Racism in the Feminist Movement
Last week, I asked people to point out great feminist writing on the internet. Liz Henry suggested two posts that address racism and feminism, On Feminism, Part 1 and On Feminism, Part 2 by The Angry Black Woman. If they haven't already done so, I hope that anyone who believes that feminism should be a movement in which all women are equal will read all the posts excerpted below in their entirety.
Regarding several racist incidents by prominent white feminists, Angry Black Woman notes:
...it seems like what white feminists want is to become white men. They want what white men have going on, up to and including privilege and the ability to ignore voices of color unless it suits them.
Some of you may feel this is an unfair generalization. And others of you are sitting at your computers right now shaking your head and saying, “Nuh uh, not me!” Maybe so not you, and maybe so I am being harsh. But you take a look around the blogs right now and tell me that the view from where I’m standing doesn’t bear that out. And take a good look at yourselves. Think about if you can honestly say that you’ve considered your own privilege when dealing with the issues of feminism and race lately. Some of you have, of course, but some of you absolutely have not.
I’m tired of having to decide if I want the label of “Feminist”, not because someone might think I hate men, but because someone might wonder why I would want to associate myself with people who think my voice and experiences are less important because I refuse to put my gender ahead of my race.
In her post about the lack integration in Women's Studies curricula, Brownfemipower at La Chola writes:
It’s time for all of us, but in particular, women’s studies departments, to stop pretending that these interactions between women of color and white women never happened or don’t count. It’s time to stop pretending that the voices of white women speaking about women of color is sufficient enough of a history for women of color. It’s time to stop pretending that universal agreement between women of color is necessary before white people can interact with an engage with a particular critique of women of color. It’s time to stop pretending that any critique by women of color exists within a timeless vacuum that demonstrates some ancient racism of a feminism from time past.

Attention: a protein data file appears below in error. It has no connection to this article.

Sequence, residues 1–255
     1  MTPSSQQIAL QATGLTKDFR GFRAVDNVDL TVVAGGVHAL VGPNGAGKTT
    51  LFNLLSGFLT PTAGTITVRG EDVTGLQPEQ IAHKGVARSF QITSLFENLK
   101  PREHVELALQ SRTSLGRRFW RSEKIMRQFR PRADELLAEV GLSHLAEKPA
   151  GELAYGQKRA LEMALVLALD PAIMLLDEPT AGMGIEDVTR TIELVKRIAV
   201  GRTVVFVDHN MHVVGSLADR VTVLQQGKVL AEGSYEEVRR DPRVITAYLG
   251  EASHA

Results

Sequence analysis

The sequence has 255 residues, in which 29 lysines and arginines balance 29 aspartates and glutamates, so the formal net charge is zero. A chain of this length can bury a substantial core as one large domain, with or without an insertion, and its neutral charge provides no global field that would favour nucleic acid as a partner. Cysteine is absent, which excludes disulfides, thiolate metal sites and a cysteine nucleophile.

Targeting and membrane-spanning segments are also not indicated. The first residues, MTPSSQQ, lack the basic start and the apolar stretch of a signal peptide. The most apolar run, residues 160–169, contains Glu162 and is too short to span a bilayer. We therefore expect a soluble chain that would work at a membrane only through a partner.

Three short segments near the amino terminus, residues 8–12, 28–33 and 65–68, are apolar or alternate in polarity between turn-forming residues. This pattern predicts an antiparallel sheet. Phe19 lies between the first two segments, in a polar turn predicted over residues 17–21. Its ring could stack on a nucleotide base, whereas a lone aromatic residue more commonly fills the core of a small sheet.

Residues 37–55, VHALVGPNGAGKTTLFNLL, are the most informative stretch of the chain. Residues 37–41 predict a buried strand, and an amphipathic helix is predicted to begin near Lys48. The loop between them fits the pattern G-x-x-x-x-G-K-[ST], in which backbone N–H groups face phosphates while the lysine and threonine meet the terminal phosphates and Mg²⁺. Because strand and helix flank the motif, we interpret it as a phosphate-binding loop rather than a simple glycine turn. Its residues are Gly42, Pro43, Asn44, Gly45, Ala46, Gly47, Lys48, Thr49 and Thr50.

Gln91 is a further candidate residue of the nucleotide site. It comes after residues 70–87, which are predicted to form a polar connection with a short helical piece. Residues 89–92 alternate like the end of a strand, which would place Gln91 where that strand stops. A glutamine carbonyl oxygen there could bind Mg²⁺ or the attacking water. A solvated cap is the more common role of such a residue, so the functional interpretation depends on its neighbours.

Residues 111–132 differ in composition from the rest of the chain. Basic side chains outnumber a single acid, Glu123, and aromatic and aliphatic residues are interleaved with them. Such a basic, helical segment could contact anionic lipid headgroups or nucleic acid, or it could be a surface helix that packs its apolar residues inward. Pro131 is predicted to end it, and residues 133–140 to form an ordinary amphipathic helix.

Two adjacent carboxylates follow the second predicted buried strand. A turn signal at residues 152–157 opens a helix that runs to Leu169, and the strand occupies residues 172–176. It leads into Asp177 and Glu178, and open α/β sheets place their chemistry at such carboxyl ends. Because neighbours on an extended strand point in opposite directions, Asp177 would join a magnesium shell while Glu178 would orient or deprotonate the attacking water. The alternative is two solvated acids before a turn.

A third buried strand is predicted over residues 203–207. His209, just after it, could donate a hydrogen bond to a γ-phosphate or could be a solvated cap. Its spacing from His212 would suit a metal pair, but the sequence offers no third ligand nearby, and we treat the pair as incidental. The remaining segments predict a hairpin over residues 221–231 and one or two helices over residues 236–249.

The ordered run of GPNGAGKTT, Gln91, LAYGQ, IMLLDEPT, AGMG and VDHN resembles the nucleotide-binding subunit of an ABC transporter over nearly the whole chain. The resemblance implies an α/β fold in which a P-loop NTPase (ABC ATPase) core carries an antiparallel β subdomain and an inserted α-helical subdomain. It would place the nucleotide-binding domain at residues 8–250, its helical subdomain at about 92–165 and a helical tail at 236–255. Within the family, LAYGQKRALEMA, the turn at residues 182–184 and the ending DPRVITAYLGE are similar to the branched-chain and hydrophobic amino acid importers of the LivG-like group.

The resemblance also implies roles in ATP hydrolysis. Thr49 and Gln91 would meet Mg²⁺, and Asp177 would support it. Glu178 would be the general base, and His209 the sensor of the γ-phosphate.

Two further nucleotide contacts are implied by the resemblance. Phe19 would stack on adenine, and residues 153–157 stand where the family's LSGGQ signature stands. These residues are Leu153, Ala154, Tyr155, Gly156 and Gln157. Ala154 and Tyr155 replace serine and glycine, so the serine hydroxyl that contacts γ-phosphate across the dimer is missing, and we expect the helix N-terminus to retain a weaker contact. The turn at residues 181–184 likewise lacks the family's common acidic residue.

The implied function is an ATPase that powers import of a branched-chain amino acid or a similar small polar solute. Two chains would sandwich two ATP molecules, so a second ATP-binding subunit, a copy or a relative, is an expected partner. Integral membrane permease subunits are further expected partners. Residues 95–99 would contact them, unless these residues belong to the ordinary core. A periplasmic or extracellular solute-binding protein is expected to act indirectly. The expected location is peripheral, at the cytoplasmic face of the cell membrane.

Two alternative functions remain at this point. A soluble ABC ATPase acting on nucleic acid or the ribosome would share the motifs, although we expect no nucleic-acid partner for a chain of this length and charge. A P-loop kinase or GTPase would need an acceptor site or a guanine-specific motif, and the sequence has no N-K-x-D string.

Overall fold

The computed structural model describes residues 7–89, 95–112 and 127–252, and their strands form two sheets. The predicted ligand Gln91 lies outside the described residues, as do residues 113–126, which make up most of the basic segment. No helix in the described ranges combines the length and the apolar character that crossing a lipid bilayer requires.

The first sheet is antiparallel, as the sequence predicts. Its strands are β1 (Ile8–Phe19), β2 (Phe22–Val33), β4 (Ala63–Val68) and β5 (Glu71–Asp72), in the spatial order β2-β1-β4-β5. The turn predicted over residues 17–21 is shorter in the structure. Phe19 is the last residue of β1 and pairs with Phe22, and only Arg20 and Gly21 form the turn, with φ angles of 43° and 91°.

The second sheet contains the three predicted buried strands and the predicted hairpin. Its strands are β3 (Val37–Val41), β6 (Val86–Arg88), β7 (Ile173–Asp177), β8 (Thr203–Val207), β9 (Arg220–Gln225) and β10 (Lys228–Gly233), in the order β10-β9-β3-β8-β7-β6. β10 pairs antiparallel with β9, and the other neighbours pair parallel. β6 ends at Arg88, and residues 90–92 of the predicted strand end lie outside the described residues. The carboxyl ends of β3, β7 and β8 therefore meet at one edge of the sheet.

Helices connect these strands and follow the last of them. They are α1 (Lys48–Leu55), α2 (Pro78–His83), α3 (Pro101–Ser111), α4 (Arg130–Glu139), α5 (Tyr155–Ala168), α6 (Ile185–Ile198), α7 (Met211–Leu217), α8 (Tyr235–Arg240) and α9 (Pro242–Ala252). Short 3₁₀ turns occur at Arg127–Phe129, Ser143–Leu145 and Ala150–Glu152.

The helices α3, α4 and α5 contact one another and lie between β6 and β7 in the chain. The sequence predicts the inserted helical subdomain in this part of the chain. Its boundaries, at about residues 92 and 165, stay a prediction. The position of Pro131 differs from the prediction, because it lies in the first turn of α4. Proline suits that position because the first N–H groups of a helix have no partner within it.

I’d like to know why “the personal is political” is a mantra pushed on us–and yet our (woc’s) personal is expected to be the same personal as white feminists.
And I’d like to know all this as a person who credits women’s studies as having changed my life.
Anxious Black Woman at Diary of an Anxious Black Woman looks at how racism affects the feminist movement from another perspective:
I do not now nor will ever believe that feminism belongs to white women. They did not start it, and even though it looks like they're "running things," that's simply not true. It's because I'm fully aware of the women's rights movement history why I will not disavow feminism, I will not find alternative "names" like womanist to define me, nor will I decide - whenever white feminists or Global North feminists (of which I'm one of them) or any other privileged woman does something heinous to another woman - to leave feminist movements. Instead, I will declare the guilty party to NOT be the feminist one, I will ask those culprits to "please turn in their membership card," and to get in line and treat each other with respect and equality, or get the hell out and don't let the door hit you.... We are the feminist movement, and it exists in the blogosphere, in the streets, in households, in community shelters, in classrooms, and everywhere there is a woman fighting for her right to just be.
I'm a white feminist. I grew up comfortably in a middle class household in an upper middle class community. I have an enormous amount of privilege in my life, but I became a feminist when I was young because I wanted to change society. I wanted to live in a world in which people could just be themselves; a world where no one was forced into a role based on the body in which he or she resided. My idealistic view was that this was exactly what feminism was about - removing stereotypical barriers of all kinds. When this is not the case - when feminism is reinforcing biases against others - I believe that feminism as a movement fails. Obviously, there are already individuals working hard to correct this ongoing wrong. But, if other feminists are not doing our part to "fix this mess," as Angry Black Woman describes it, what are we doing? Speaking for myself, I have never really written about racism and feminism before because I don't know how honestly I've dealt with my privileged status and how it affects my views and actions. At the same time, I never want to speak for people with different backgrounds than my own. As Anxious Black Woman says, it's time to stop pretending.
Suzanne also blogs about her life at Campaign for Unshaved Snatch (CUSS) & Other Rants She is currently seeking submissions for an anthology of women's stories about menstruation at Congratulations, You're a Woman Now.